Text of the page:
Is it possible that the Obama Administration is doing something right in its ambitious health IT program? The U.K. National Health Service's failed, decade-long effort to implement a nationwide electronic health record system suggests that, in many ways, the U.S. government is taking a wiser approach to encouraging widespread EHR adoption. On the other hand, it is still possible that the federal government might overreach and hit the same brick wall that the Brits did.
In a recent New York Times piece, reporter Steve Lohr asked three top experts--Dr. David Brailer, Dr. David Blumenthal (both former national health IT coordinators) and Richard Alvarez, who heads Canada's health IT effort--what lessons they drew from the NHS fiasco.
Brailer and Blumenthal stressed the importance of having physicians involved in health IT planning; Brailer went so far as to say that physician resistance to the U.K. National Programme for IT (NPfIT) had "brought [the NHS] to their knees." All three pointed out that a top-down program of this scope cannot work because health IT must be implemented at the local level--which is also the message of the NHS press release about the dismantling of its IT program.
"A modernised NHS needs information systems that are driven by what patients and clinicians want," Sir David Nicholson, chief executive of the NHS said. "The NPfIT has provided us with a foundation but we now need to move on if we are going to achieve the efficiency and effectiveness required in today's health service. Restoring local control over decision-making and enabling greater choice for NHS organisations is key as we continue to use the secure exchange of information to drive up quality and safety."
Perhaps with the U.K. example in mind, the Obama Administration has avoided boxing physicians in with too few choices. In its Meaningful Use and EHR certification regulations, the government has taken pains to ensure that its EHR incentive program would not give an unfair advantage to bigger vendors at the expense of smaller ones. As a result, American physicians have a very wide choice of EHRs and EHR modules that are certified for Meaningful Use--nearly 900 products at latest count. If anything, some observers say, doctors and hospitals have too many applications to choose among--and many of them are unusable.
As I pointed out in this space a few weeks ago, the Administration also has shown a strong interest in working with the private sector to solve problems, rather than imposing solutions from above. For example, the Office of the National Coordinator for Health IT (ONC) has enlisted help from private-sector experts in building the CONNECT gateway to the National Health Information Network, designing the Direct Project secure messaging protocol, and testing metadata standards. ONC also is providing funds to 17 Beacon communities to find innovative ways of using health IT, and is sponsoring cash-prize contests designed to do the same thing.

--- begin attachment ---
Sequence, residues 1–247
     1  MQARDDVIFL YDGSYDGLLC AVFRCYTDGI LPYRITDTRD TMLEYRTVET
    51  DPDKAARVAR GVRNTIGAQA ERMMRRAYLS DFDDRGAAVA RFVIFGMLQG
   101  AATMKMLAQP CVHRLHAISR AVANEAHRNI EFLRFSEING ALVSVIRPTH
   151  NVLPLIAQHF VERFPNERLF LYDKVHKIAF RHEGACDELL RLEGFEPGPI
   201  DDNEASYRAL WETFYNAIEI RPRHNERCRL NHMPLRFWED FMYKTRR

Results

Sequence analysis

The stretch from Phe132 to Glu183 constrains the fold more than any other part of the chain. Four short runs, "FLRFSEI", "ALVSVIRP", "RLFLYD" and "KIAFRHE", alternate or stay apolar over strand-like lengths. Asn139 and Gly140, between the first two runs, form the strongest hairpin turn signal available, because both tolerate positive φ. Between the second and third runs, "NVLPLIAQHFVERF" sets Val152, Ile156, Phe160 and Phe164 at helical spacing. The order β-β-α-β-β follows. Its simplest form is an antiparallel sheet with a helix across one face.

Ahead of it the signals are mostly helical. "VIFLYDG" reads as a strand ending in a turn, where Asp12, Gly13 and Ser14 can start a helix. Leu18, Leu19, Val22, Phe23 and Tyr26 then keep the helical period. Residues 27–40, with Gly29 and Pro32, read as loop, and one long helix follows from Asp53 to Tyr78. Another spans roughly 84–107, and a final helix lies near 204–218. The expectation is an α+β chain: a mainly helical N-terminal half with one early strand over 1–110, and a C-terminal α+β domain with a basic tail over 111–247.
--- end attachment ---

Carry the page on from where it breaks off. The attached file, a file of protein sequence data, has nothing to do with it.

But the Meaningful Use program itself is a top-down government initiative. While some physicians and consumer representatives are included on the Health IT Policy Committee (which advises ONC on the Meaningful Use requirements), the committee members seem less concerned about the difficulty of meeting the criteria than on whether they move the healthcare quality and efficiency agenda forward.
Judging by conversations I've had with some doctors, I don't believe that the Stage 1 criteria for Meaningful Use contain any obstacles that most physicians cannot surmount if they have a decent EHR and learn how to use it properly. Hospitals will have to work harder, especially in the areas of computerized physician order entry and quality reporting. But many hospitals also will qualify for Meaningful Use either this year or next.
The real challenge is going to be Stage 2. This is where ONC and other government agencies should start thinking hard about how far and fast they want the healthcare industry to go. If there are lots of laggards in Stage 1, maybe Stage 2 should be designed to push providers forward a little, but not too much. When all is said and done, the industry-wide transition to a transformative level of health IT is going to take a decade. And if people are pushed too hard, they must just push back. - Ken (@FierceHealthIT)